Human Toxocariasis Widespread, Preventive Interventions Needed

By Marilynn Larkin

December 24, 2019

NEW YORK (Reuters Health) - Human toxocariasis (HT), a zoonotic disease affecting close to one-fifth of the world's population, deserves increased attention, a systematic review and meta-analysis suggests.

"HT is associated with several clinical syndromes," Dr. Ali Rostami of Babol University of Medical Sciences in Iran told Reuters Health by email. "In addition to specific symptoms, including visceral larva migrans, ocular larva migrans, and covert/common toxocariasis (CT), toxocariasis can precipitate some non-specific complications, including neurological and psychiatric or cardiac, allergic skin disorders and/or asthma."

"The CT form of toxocariasis is especially interesting, because of its potential role in asthma or developmental delays in socioeconomically disadvantaged children, although its likely role is often ignored by many physicians," he said. "Our results suggest that at least in areas with high prevalence rates of infection, physicians should consider Toxocara infection as a potential cause of the above-mentioned complications."

"Moreover," he added, "our analysis finds that toxocariasis may in fact represent one of the commonest neglected tropical diseases of people who live in extreme poverty."

Dr. Rostami and colleagues searched the literature from 1980-2019 to calculate the prevalence of anti-Toxocara serum antibodies (T-seroprevalence) in all six World Health Organization regions and worldwide.

They identified 250 eligible studies (253 datasets) including 265,327 people in 71 countries.

As reported in PLoS Neglected Tropical Diseases, the estimated global T-seroprevalence rate was 19%, with the highest in Africa (37.7%) and lowest in the Eastern Mediterranean (8.2%). The pooled seroprevalence for other WHO regions was 34.1% in South-East Asia; 24.2% in the Western Pacific; 22.8% in the Americas; and 10.5% (8.5-12.8%) in Europe.

Lower income level, lower human development index, lower latitude, higher humidity, higher temperature, and higher precipitation were all associated with a significantly higher T-seroprevalence.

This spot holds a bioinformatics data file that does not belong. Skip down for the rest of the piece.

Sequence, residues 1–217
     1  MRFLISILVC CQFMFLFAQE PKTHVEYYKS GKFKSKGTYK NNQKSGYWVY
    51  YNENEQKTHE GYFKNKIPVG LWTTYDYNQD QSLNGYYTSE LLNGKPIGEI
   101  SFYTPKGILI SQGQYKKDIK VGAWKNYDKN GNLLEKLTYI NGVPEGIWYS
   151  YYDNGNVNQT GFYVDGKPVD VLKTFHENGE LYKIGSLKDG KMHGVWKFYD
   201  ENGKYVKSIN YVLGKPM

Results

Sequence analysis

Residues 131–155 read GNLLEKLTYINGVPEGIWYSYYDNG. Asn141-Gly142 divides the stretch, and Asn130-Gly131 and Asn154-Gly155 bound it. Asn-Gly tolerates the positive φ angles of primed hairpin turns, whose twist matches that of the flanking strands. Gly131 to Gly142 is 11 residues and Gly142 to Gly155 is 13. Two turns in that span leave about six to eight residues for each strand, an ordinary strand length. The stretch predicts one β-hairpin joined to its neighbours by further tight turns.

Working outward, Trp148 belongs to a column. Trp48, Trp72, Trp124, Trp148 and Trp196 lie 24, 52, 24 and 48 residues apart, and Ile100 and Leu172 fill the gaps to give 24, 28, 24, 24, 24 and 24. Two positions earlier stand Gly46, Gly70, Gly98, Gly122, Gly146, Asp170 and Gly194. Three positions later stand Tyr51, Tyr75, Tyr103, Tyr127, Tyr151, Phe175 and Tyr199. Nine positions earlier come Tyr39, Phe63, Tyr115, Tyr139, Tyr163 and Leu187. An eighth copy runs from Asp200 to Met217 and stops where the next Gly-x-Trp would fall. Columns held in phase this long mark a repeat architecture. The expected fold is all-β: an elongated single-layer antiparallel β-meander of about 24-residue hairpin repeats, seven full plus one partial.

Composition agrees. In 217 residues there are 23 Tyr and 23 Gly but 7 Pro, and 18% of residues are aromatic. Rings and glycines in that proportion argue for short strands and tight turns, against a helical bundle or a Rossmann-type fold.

Potential risk factors associated with seropositivity to Toxocara included male gender; living in a rural area; young age; close contact with dogs, cats or soil; consumption of raw meat; and drinking untreated water.

Dr. Rostami said, "To our knowledge, there is no country that has appropriate preventive initiatives in place, even though the disease could be treated and prevented through relatively simple and straightforward methods."

"In other studies by our team, it was estimated that about 12% of public places - including parks and children's playgrounds - in the U.S. are contaminated with Toxocara eggs," he noted. "The implications are that toxocariasis may represent one of the commonest neglected infections of poverty-stricken regions in the U.S., especially among underrepresented minority children and those in the Southern U.S."

He added that Senator Cory Booker (D-NJ) has submitted legislation in the U.S. Senate to begin addressing toxocariasis and other neglected diseases. (http://bit.ly/396Udl2)

Dr. Louis Weiss, professor of pathology and of medicine at Albert Einstein College of Medicine in New York City and co-director of the Einstein Global Health Center, commented by email, "This survey provides excellent evidence on the prevalence of infection. A similar meta-analysis of the rates of symptomatic infection would be useful, (as would) improved therapy."

Clinicians should be advising patients to wash hands after contact with soil and not drink untreated surface water (as opposed to tap or bottled water), he told Reuters Health. "Provide veterinary care to cats and dogs, and keep outdoor sandboxes covered to prevent use by feral cats."

"While about 20% of patients have evidence of exposure (seropositivity)," he added, "the vast majority of these individuals do not have symptomatic infection."

Dr. Aaron Glatt, chair of medicine at Mount Sinai South Nassau in Oceanside, New York, commented in an email to Reuters Health, "Clinicians need to be constantly aware of the potential manifestations and presentations that result from Toxocara exposure." Like Dr. Weiss, he noted, "the best way to prevent illness in the U.S. is by making sure pets are taken to the veterinarian and given appropriate preventive care, such as testing and treatment plans for deworming."

"The Centers for Disease Control and Prevention recommends washing hands with soap and water after playing with pets or other animals, after outdoor activities, and before handling food or eating," he added.

SOURCE: http://bit.ly/2Qd9Uyp PLoS Neglected Tropical Diseases, online December 19, 2019.

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